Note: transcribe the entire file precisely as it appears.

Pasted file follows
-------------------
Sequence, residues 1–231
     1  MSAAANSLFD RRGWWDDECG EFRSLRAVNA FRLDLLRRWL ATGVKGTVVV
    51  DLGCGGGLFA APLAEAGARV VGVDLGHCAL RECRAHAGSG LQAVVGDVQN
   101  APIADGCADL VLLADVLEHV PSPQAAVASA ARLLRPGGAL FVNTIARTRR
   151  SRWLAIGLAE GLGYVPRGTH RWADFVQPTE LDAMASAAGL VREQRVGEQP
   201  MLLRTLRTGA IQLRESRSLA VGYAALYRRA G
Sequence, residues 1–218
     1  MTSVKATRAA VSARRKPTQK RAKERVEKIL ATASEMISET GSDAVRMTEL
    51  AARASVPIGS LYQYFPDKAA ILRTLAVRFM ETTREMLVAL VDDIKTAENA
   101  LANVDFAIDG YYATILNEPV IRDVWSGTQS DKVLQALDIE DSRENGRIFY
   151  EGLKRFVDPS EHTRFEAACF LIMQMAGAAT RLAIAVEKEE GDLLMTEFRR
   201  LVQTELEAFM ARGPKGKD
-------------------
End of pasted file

Sequence, residues 1–231
     1  MSAAANSLFD RRGWWDDECG EFRSLRAVNA FRLDLLRRWL ATGVKGTVVV
    51  DLGCGGGLFA APLAEAGARV VGVDLGHCAL RECRAHAGSG LQAVVGDVQN
   101  APIADGCADL VLLADVLEHV PSPQAAVASA ARLLRPGGAL FVNTIARTRR
   151  SRWLAIGLAE GLGYVPRGTH RWADFVQPTE LDAMASAAGL VREQRVGEQP
   201  MLLRTLRTGA IQLRESRSLA VGYAALYRRA G
Sequence, residues 1–218
     1  MTSVKATRAA VSARRKPTQK RAKERVEKIL ATASEMISET GSDAVRMTEL
    51  AARASVPIGS LYQYFPDKAA ILRTLAVRFM ETTREMLVAL VDDIKTAENA
   101  LANVDFAIDG YYATILNEPV IRDVWSGTQS DKVLQALDIE DSRENGRIFY
   151  EGLKRFVDPS EHTRFEAACF LIMQMAGAAT RLAIAVEKEE GDLLMTEFRR
   201  LVQTELEAFM ARGPKGKD